A snippet of story from between Shadows in the Light and Ghosts in the Fog.

“Messy.” was Police Commander Paul Ridinton’s only comment when Eli had sat down in front of his desk. “Had Rachel debriefed you?”

Eli nodded.

“Got any theories as to motive? You work with the bunch of bastards that constitute the underworld in this city, so you must have some idea.”

“Lots of people hated him.” Eli said flatly. “Just…I didn’t think any of them hated him that much.” Enough to spread body parts of the man called Felix all over a warehouse, and then phone the underworld’s premier information broker to come and find it. She shivered. Whoever had done the killing really hated her, too.

Paul eyed her. “I’m sending you home with some protection overnight, and you’re to come in again tomorrow morning. You are a witness,” he added as she opened her mouth to protest, “and it’s standard practise. The others will all be sent home with someone as well, or sent to hotels. I’m assigning James to you.”

“Why James?”

“He’s no good with a gun.” Paul said dryly, flashing her a smile. “And if I know you, you won’t want someone who insists on getting in the way.”

That made her smile for the first time since she had walked into the warehouse three hours earlier. “All right.”

“Plus,” Paul added, “I trust him with where you live.”

Eli turned, one hand on the door handle. “Thanks, Paul. I’ll see you tomorrow.”

A September update

I figured I’d put a few small updates into one post. I’ve got a few longer posts coming in the next few days about Greensky, but I’ve also got some random updates.

So, I was running a Dresden files game recently for a few friends, and I promised to update how it was. We actually played a different game to the one I’d originally planned, which had less thinking and more killing baddies. Result: it was AWESOME. The boys completely and spectacularly messed up…in the very first fight, our vampire should have died rather dramatically (it took a very kind GM to merely throw him into a wall and knock him out for a few turns), the werewolf’s punch did nothing and he went running down the street, and the wizard messed her spells so badly that she ended up juggling a red-hot chain. They fell down the stairs a few times (and the vampire kept landing on his ass), set fire to almost everything, and then failed to rescue the humans or kill the baddy. There was a lot of entirely silly banter, a few Molotov cocktails, a lot of bad spells from the wizard, some teeth-failure from the werewolf, sex-appeal failure from the vampire (although he did try it on a zombie…) and an overall good time.



Although I was incredibly nervous beforehand, the current GM of our other game (who was the failure-wizard in this one) did a really good job of reassuring me – he mostly pointed out that his nerves go from “oh gods I’m going to mess up” to “oh gods what are my characters going to mess up…” which was pretty much what happens! I think that I did ok: I kept everything as simple and consistent as I could, which seemed to work. Hopefully I’ll get a chance to play the other game at some point if the boys want to!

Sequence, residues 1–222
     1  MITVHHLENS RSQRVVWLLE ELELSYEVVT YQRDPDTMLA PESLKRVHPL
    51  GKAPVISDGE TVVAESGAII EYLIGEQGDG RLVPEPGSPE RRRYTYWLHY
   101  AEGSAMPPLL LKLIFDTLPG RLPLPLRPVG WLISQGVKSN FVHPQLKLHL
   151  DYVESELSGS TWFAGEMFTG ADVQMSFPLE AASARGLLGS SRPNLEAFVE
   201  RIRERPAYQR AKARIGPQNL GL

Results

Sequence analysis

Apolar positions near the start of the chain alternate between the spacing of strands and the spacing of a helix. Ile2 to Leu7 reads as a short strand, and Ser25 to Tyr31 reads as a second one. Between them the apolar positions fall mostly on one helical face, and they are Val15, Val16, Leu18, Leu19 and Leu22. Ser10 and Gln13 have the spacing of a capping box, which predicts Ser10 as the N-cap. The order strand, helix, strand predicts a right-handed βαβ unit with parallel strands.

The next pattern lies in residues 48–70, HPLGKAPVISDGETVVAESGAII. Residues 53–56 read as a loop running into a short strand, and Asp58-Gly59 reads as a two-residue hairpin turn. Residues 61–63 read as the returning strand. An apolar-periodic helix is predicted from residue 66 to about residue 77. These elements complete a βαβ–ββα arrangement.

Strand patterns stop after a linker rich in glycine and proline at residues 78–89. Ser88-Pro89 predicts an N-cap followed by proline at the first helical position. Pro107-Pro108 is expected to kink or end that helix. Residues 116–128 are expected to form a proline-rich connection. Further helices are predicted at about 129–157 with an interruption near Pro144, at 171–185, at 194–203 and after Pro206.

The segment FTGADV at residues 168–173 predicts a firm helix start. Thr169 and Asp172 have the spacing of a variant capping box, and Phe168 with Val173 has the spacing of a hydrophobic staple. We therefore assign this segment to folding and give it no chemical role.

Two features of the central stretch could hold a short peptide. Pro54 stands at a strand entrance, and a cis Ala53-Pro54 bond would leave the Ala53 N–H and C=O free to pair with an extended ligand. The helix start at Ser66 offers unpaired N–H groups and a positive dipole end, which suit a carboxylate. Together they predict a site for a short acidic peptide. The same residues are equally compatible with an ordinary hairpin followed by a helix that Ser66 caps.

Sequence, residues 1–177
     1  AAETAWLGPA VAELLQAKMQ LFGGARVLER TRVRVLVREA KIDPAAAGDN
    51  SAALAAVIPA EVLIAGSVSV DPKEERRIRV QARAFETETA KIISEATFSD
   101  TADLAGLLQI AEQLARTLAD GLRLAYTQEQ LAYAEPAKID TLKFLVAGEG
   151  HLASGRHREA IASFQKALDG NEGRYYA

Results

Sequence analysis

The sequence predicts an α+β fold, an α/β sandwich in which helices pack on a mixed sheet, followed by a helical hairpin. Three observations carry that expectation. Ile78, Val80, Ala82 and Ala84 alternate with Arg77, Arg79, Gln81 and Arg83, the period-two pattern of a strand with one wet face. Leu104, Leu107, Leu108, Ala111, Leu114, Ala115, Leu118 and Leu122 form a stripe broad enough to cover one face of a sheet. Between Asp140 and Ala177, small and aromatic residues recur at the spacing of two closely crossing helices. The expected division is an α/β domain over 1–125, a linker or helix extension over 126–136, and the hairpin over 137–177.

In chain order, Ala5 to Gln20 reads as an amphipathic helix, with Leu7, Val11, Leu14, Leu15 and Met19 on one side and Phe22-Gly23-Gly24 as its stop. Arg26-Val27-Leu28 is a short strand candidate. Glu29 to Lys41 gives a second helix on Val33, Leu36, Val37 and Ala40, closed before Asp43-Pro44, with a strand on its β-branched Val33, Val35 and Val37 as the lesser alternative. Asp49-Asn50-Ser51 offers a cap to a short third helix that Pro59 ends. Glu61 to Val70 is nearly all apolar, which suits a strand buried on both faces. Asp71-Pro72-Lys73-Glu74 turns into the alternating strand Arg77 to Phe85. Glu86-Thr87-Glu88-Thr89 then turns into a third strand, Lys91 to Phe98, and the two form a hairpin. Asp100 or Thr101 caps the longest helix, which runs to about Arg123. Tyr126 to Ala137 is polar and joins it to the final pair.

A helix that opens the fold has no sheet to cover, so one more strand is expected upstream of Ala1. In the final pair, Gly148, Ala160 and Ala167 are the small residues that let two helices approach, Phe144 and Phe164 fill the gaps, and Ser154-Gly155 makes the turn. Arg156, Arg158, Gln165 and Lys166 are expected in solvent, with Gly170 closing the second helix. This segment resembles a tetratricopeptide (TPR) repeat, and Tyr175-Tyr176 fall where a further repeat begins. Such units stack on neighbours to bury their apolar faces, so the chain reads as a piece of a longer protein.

Second, I went to London over the weekend. I used to live there, and for a good few years I missed it with an ache in my chest and a feeling that I could never quite put into words. But now, when I return, I’m feeling more like a visitor. It’s not my city any more; I don’t know the streets, I have to look at the Tube map, I don’t know the shops or the roads. I have memories, not current places. It’s no longer my city and I don’t have that painful ache: I no longer belong to it.

Following on, I was wondering how much that loss will affect Shadows and Ghosts, which were incredibly influenced by London. I think that they have now become self-contained worlds; they are book-cities, inspired by my past memories rather than present, and have become cities in their own right. I’m hoping that I will still be able to write them, and I want to spend another couple of days at Christmas trying to get Shadows finished and working on Ghosts.

NYR: January progress report

01/02/2014 14:42

It’s the 1st February, so time to revisit: how am I doing on my New Year’s Resolutions?


Goal 1: Finish Changing Winds Part 2 and, as a stretch goal, finish Empty Skies.

Finish Changing Winds Part 2: ongoing. I’m on 27,000 words with a complete outline and most chapters written, two sections to expand and one chapter to write, so January progress on this is good.

Finish Empty Skies: also ongoing. It’s 14,000 words and I have done some work on it, so I’m happy.


Goal 2: Finish re-writing Shadows (which is sort of a get-this-done-in-January aim) and re-write Ghosts to fit in with what is now happening in Shadows.

Hah, yeah. No. No work done at all. I can’t get into the right headset for it, so I haven’t pushed myself.


Goal 3: Madcap Library: get some pictures done (ok, maybe that translated as “nag my illustrator”) and self-publish at least the first few.

In progress! Hannah’s currently working on some covers for the first two collections, so this is going well.


Goal 4: Continue on the road to official publication.

I sent some letters to agents at the beginning of January, but nothing else has progressed so far. So, ongoing.


Goal 5. Stretch goals: finish some of my other writing.

Nope. But then I have been working on Greensky, so I’m not too worried.